Who wouldn’t have wanted Sunil Gavaskar as the coach of Team India? After all, many of his contemporaries assumed that most-coveted role. Ever since his retirement in 1987, the legendary batsman has been a columnist and a commentator.
“I’ve been a terrible watcher of cricket, even when I was playing the game. If I got out, I would be watching the match very intermittently. I would watch for a while, then go inside the change room or read something or reply to letters, etc., And then come out and watch again,” Gavaskar said on ‘The Analyst’ YouTube channel.
“So, I wasn’t the ball-by-ball watcher, like say GR Vishwanath is. GRV or my uncle Madhav Mantri was a complete ball by ball watcher. And if you want to be a coach or a selector, you’ve got to be a ball-by-ball watcher. Therefore, I never even thought about it… being a coach,” said the Little Master.
Indian cricket hired one coach after another in the 1990s, including Bishan Bedi, Ajit Wadekar, Sandeep Patil, Madan Lal, Anshuman Gaikwad, Kapil Dev and others.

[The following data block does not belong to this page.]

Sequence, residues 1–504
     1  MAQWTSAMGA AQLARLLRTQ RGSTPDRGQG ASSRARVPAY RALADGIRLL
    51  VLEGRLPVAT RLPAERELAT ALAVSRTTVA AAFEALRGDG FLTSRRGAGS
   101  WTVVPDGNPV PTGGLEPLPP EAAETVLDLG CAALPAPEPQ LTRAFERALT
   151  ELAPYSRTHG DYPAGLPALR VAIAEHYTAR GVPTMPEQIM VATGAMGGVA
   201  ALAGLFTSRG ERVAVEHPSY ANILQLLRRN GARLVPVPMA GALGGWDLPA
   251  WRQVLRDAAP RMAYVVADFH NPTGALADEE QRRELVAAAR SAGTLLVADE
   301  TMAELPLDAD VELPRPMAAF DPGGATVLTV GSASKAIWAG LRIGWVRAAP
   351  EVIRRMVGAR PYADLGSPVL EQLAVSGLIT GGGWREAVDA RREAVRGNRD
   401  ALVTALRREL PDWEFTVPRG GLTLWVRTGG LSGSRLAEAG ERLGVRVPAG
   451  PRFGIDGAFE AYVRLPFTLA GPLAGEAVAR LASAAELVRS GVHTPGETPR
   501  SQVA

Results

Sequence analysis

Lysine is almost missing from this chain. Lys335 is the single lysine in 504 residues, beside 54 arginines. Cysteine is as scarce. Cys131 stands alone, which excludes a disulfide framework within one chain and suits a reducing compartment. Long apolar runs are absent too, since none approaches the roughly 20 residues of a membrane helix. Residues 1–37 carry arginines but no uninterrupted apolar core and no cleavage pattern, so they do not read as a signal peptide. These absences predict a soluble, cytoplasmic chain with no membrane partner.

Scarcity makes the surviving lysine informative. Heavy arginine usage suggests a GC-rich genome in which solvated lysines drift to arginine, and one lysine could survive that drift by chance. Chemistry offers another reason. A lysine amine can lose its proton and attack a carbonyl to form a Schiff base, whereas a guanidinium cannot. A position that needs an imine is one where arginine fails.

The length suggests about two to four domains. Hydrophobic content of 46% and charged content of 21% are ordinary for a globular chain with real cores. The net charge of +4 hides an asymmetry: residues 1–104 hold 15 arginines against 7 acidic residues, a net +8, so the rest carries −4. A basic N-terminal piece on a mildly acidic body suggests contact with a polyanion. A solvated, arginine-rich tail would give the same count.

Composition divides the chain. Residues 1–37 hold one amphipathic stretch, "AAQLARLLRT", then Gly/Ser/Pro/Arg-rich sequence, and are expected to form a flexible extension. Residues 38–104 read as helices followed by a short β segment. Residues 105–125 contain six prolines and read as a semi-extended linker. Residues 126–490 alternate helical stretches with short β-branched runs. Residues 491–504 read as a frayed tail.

The closest Sunil Gavaskar came to coaching the senior national team was in 2004 when he took up the role of a consultant during India’s home series against Australia. He never applied for a coaching job post his retirement.
“I’ve had people coming up to me. Not the current lot, but say Sachin, Rahul Dravid, Ganguly, Sehwag and Laxman. So I’ve been very happy to exchange notes with them… whatever my observations are. So yes, I’ve been able to maybe help them somewhere down the line, but on a full-time basis, that’s not something I could do,” said the former India captain.
Regarded as one of the greatest batsmen in two of the purest formats of the gentlemen’s game, Gavaskar used to be a walking nightmare for any batsman during his iconic international career. Known for shattering records with his elegant batsmanship, Gavaskar is fondly remembered for registering India’s previous highest Test score of 236 against the mighty West Indies.